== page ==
International Literacy Day – September 8

In recognition of International Literacy Day, learners around the world are coming together to speak out about how literacy has changed their lives, and – in keeping with the theme of International Literacy Day 2012– about how it has contributed to peace and unity.  At the same time, learners are making sure that governments understand the need for greater investment in both formal and informal education, in order for literacy rates to sustainably increase.

In the capital city of the Solomon Islands, the event was marked a day early, with testimony, poems, dance and proud celebration as over 180 literacy students, teachers and supporters paraded through downtown Honiara.  Among the participants were an estimated 95 teachers and learners from classes sponsored by the Mothers’ Union of the Anglican Church of Melanesia (ACOM), our local church partner – along with two Episcopal Relief & Development staff (my colleague Nagulan Nesiah and me)!

According to the most recent census figures, the illiteracy rate in the Solomon Islands is 35.1%.  This is reportedly the highest of all the Pacific Island nations. 

The Mothers’ Union of the Anglican Church of Melanesia, which includes the countries of Solomon Islands and Vanuatu, has joined national efforts to reduce illiteracy by using the greatest strength and resource they have – their members.  Working with teaching tools and trainers provided by their government and the national literacy network (LASI), Mothers’ Union members have become both volunteer teachers and active recruiters of literacy learners. This year alone, there are an estimated 1,680 learners in 73 literacy classes throughout the two countries.

The Mothers’ Union–sponsored literacy classes  are so impressive that as a part of today’s ceremony, the Ministry of Education presented ACOM with an Award of Excellence.

The fun that Nagulan and I had attending the celebration today was surpassed only by the laughs and tears we shared with learners earlier this week, as they told their stories during our visits to some of their classes and communities.

Rachel is a 60-something-year-old learner in Gwaunaoa Community Literacy Class, in the Diocese of Malaita. She was particularly entertaining as she recounted the reasons behind never having learned to read when young – including that her parents didn’t want her writing love letters to boys. She also described how, three years ago, she joined the literacy class and persisted with her studies despite her husband’s laughter and teasing when she left the house (and her housework) behind, notebook in hand.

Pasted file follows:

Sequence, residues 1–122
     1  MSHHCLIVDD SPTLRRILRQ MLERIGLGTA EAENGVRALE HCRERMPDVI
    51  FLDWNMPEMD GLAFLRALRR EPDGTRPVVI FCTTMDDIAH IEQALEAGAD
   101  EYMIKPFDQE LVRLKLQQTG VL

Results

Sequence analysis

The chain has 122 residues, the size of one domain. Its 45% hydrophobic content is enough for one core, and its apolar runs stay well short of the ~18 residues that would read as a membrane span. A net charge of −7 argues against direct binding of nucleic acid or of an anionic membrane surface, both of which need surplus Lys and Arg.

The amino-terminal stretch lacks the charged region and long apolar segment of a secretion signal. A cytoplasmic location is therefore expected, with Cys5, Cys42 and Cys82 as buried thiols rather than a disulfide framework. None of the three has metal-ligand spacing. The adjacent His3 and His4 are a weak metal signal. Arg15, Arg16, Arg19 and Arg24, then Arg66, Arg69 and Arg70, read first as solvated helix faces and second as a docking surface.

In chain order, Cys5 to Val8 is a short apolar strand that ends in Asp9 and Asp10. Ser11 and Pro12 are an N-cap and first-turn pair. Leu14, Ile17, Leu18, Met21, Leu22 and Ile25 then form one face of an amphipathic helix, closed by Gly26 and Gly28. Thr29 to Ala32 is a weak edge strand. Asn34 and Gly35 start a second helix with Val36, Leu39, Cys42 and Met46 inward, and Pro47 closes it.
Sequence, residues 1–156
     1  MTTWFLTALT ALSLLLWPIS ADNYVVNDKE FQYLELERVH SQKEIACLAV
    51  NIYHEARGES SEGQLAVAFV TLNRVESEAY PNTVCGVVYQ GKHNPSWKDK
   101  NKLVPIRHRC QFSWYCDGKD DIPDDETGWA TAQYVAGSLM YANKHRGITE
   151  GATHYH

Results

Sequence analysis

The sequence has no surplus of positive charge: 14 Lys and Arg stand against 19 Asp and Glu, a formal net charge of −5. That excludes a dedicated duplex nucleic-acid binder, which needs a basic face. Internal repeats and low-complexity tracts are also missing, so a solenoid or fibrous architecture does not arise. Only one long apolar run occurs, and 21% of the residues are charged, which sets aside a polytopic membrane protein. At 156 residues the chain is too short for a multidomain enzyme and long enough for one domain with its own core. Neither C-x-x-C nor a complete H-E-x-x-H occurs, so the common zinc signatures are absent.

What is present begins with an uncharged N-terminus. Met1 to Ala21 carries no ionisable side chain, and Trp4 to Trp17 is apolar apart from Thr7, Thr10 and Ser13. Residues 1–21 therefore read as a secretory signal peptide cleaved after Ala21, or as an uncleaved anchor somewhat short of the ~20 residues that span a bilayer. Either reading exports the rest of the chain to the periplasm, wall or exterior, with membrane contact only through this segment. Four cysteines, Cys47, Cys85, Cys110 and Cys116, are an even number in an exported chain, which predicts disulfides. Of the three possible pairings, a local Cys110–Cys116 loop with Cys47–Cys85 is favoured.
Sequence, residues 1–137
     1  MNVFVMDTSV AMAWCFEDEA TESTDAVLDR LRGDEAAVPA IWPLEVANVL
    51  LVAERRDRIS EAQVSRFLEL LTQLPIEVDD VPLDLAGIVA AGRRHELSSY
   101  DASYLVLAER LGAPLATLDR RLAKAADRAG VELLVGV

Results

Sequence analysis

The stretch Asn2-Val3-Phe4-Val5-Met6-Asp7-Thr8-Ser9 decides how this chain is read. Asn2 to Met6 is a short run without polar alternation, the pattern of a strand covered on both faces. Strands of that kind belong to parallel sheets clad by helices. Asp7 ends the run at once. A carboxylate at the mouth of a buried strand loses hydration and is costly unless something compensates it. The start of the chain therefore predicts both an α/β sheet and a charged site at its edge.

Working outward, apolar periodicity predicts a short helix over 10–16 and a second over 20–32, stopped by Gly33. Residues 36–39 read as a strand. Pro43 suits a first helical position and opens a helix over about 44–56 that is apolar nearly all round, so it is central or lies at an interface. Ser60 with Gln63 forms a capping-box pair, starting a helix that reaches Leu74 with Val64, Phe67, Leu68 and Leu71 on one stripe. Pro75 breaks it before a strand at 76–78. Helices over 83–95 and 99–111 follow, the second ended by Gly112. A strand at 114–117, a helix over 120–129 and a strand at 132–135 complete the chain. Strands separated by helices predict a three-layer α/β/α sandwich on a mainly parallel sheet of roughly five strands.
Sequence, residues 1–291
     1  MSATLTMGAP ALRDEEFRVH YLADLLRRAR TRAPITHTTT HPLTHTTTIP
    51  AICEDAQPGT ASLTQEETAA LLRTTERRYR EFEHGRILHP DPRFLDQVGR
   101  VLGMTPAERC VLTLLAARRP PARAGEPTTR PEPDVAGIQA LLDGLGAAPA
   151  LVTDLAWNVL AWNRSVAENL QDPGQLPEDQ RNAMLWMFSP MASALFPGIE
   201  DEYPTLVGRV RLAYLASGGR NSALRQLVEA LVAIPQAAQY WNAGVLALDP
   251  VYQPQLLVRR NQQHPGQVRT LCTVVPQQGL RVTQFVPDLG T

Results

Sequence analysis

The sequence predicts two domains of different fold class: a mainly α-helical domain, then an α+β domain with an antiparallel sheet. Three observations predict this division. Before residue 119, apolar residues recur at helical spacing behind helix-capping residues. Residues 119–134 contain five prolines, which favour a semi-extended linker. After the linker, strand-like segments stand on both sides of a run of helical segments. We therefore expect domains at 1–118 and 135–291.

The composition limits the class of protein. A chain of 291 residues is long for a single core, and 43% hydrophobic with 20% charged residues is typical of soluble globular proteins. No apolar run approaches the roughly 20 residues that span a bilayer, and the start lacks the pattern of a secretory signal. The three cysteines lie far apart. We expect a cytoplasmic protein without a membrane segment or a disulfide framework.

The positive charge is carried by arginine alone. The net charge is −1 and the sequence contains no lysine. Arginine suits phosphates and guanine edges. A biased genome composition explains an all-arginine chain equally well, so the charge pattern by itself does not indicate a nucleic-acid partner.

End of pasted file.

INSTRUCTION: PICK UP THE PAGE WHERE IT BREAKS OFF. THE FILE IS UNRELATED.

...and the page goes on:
Many others also shared their stories with smiles and pride. Pride in reading the names of the hospital wards for an elderly family member, pride in reading the destination noted on the front of the bus, pride in reading whether to push or pull the shop door open, and pride in writing a love letter to a husband.

Together with our local partners, Episcopal Relief & Development supports literacy programs in several countries as part of an integrated development strategy. This focus helps communities move toward attaining Millennium Development Goals 1, 2 and 3 – eradicating poverty, achieving universal primary education and empowering women.


Tammi Mott is a Program Officer with Episcopal Relief & Development.

Photos: Top – International LIteracy Day celebrants in the Solomon Islands march through the capital city, Honiara. BottomRachel, a learner from the literacy class in Gwaunaoa, Diocese of Malaita, shares her skills with a Mother’s Union member. Classes first started in the community in 2007 and continue today, with 36 students currently attending.